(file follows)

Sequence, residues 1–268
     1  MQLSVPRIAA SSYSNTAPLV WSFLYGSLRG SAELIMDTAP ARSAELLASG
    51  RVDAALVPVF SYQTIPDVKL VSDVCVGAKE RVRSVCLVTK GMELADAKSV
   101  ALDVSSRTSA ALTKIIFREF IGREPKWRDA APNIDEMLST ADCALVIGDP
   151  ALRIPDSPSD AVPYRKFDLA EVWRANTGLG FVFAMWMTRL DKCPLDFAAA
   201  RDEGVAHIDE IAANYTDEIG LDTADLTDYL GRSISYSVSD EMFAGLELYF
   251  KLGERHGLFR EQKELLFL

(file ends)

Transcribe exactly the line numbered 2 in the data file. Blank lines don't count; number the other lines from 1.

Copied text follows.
     1  MQLSVPRIAA SSYSNTAPLV WSFLYGSLRG SAELIMDTAP ARSAELLASG